The List – ‘Hillbilly Elegy’

 

J.D. Vance grew up spending idyllic summers exploring in the “holler” at his great-grandmother’s house in rural Kentucky, catching turtles and frogs, playing with cousins, and exploring the mountains of his ancestors.

He also grew up trying to escape an addicted mother; navigating a revolving door of pseudo-stepfathers; and moving from home to home as his mother’s whims dictated. His mother, in the throes of drug addiction like so many others in Vance’s decidedly lower middle-class neighborhood in Ohio, once threatened to crash her car and kill them both (Vance was 12 at the time). When she pulled over to beat him, he jumped out of the car and ran to a stranger’s house for help, where his mother broke the door down and was subsequently arrested.

Vance’s fascinating memoir, Hillbilly Elegy, is a mix of admiration and love for his Appalachian forebears, and anguish at the toll those hill-country values have taken on family life, not only his own but his community’s. Far from boring, it’s also bleakly frank, paying homage to his culture’s many strengths while decrying the self-inflicted mindset that keeps them down.

Mountain culture remains one of the most persistent and unchanging regional subcultures in the country. In Appalachia, family structures, religion and politics, and social lives all remain remarkably intact compared to other regions. According to Vance, “This distinctive embrace of cultural tradition comes along with many good traits–an intense sense of loyalty, a fierce dedication to family and country–but also many bad ones. We do not like outsiders or people who are different from us, whether the difference lies in how they look, how they act, or, most important, how they talk.”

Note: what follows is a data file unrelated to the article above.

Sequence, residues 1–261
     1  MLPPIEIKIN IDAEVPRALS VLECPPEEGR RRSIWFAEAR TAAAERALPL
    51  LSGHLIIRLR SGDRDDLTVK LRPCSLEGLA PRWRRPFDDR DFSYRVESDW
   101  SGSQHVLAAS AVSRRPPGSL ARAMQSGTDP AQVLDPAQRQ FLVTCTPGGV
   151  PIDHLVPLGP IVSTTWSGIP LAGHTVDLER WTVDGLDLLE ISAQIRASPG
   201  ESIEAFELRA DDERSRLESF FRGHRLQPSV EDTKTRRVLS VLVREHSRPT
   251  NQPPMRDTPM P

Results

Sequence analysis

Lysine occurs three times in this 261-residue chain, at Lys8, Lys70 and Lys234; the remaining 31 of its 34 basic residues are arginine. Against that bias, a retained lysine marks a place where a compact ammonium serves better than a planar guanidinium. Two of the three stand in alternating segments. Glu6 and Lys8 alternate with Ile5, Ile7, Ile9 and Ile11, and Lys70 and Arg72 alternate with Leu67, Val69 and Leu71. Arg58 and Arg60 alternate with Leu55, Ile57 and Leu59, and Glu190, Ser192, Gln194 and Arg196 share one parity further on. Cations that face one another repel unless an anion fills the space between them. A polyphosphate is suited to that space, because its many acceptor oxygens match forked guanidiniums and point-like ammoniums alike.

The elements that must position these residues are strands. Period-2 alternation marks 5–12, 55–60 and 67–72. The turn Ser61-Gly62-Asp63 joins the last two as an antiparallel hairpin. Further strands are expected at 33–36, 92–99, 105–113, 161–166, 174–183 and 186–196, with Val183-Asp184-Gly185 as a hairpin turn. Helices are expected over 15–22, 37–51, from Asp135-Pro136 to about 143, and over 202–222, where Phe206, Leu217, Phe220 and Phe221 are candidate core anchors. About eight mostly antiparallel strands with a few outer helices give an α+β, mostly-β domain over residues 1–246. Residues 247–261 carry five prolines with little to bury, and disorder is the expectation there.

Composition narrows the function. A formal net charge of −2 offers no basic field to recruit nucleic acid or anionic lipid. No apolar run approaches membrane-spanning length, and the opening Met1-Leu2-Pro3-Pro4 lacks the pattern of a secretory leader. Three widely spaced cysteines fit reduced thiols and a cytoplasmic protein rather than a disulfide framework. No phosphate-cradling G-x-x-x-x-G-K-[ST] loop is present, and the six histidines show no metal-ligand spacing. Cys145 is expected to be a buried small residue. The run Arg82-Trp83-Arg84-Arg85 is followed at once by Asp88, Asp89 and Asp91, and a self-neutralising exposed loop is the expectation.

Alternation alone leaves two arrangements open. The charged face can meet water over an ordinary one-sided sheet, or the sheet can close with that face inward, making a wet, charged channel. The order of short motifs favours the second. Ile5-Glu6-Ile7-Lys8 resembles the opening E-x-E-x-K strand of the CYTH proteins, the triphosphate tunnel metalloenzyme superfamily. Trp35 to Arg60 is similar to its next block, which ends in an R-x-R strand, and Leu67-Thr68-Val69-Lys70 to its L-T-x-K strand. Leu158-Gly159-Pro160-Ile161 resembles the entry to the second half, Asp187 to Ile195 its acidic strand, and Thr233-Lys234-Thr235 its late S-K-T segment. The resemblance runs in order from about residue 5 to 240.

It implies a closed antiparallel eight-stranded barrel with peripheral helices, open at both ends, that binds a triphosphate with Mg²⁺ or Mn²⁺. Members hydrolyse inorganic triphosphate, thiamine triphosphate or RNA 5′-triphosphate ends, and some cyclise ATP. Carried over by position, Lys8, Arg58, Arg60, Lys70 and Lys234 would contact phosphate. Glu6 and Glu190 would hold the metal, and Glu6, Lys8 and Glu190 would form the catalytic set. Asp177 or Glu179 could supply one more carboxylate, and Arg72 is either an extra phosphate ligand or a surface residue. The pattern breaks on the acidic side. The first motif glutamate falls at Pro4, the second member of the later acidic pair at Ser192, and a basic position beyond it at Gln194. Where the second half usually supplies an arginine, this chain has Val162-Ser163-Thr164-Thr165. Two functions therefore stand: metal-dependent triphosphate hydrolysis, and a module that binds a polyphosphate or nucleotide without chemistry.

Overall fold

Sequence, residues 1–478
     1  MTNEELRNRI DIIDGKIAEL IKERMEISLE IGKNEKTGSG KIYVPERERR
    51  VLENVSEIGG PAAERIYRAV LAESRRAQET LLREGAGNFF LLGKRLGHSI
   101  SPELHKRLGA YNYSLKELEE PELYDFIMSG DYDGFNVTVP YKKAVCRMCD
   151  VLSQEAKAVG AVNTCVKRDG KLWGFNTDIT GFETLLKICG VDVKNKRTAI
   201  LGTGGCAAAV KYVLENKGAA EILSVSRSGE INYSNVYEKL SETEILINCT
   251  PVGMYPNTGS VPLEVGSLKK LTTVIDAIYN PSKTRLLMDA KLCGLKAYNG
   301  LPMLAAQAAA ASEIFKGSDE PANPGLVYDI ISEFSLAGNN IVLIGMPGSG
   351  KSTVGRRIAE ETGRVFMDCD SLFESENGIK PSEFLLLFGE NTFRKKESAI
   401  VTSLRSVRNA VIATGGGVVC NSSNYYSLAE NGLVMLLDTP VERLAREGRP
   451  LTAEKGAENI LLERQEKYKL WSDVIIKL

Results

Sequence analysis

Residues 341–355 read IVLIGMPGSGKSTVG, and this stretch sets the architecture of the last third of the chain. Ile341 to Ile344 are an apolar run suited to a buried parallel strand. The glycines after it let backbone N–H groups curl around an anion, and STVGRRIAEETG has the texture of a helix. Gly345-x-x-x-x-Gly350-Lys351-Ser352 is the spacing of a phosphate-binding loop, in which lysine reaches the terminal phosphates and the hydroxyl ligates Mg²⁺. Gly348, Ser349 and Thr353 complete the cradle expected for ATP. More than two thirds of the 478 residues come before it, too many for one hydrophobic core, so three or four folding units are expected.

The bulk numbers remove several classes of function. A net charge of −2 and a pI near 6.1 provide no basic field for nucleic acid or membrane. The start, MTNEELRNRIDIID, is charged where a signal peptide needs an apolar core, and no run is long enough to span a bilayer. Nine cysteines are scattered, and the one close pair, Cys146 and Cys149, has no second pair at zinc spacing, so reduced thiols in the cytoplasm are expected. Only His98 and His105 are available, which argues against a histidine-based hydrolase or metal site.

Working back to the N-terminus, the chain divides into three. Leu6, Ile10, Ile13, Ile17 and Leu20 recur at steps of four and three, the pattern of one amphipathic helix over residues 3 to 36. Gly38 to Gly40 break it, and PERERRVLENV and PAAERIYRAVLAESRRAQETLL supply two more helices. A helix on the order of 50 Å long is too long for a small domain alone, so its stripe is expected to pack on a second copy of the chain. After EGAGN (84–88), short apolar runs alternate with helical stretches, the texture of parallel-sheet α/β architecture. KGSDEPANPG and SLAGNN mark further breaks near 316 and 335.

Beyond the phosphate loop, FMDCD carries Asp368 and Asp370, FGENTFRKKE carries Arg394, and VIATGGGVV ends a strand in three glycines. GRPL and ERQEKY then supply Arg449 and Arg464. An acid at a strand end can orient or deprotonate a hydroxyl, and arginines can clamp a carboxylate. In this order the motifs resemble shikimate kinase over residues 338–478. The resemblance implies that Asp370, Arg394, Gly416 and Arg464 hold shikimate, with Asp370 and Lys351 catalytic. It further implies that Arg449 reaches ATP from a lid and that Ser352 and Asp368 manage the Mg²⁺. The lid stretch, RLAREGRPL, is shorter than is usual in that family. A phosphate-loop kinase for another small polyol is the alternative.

Vance grew up in southern Ohio, just one of many lower middle-class descendants of relatives who left the Kentucky coal mines in search of a better life away from the grinding Appalachian poverty, alcoholism, and domestic abuse. His grandparents, like so many other Kentuckians, left for Ohio in the late 1940s…a move so common that Dwight Yoakam wrote a song about the migrants who took Route 23 out of Kentucky to what they hoped would be a better life.

But Vance learned growing up that while you can take the family out of the holler, it might be impossible to take the holler out of the family. The problems they ran from in the hills followed them: low social mobility; poverty; divorce; drug addiction…all are rampant in Vance’s community. He escaped by joining the military, parlaying it into a college education, and achieving the unlikely goal of graduating from Yale Law School. (Vance quickly learned that his background was unique at Yale, to say the least; he includes a poignant description of a class dinner where, while the other students from moneyed backgrounds ate confidently, he crept away to call his girlfriend to ask her what fork to use.)